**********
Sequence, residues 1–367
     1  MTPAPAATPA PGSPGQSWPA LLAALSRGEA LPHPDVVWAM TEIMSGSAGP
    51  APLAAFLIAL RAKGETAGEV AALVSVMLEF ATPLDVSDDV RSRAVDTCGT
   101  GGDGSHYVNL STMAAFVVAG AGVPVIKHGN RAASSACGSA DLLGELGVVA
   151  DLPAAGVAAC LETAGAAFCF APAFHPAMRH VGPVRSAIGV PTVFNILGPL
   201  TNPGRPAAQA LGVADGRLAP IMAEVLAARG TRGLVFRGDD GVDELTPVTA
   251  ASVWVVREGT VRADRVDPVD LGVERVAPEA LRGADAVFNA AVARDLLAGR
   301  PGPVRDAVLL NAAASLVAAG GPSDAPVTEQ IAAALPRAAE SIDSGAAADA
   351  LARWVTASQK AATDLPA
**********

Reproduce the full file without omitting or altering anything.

Sequence, residues 1–367
     1  MTPAPAATPA PGSPGQSWPA LLAALSRGEA LPHPDVVWAM TEIMSGSAGP
    51  APLAAFLIAL RAKGETAGEV AALVSVMLEF ATPLDVSDDV RSRAVDTCGT
   101  GGDGSHYVNL STMAAFVVAG AGVPVIKHGN RAASSACGSA DLLGELGVVA
   151  DLPAAGVAAC LETAGAAFCF APAFHPAMRH VGPVRSAIGV PTVFNILGPL
   201  TNPGRPAAQA LGVADGRLAP IMAEVLAARG TRGLVFRGDD GVDELTPVTA
   251  ASVWVVREGT VRADRVDPVD LGVERVAPEA LRGADAVFNA AVARDLLAGR
   301  PGPVRDAVLL NAAASLVAAG GPSDAPVTEQ IAAALPRAAE SIDSGAAADA
   351  LARWVTASQK AATDLPA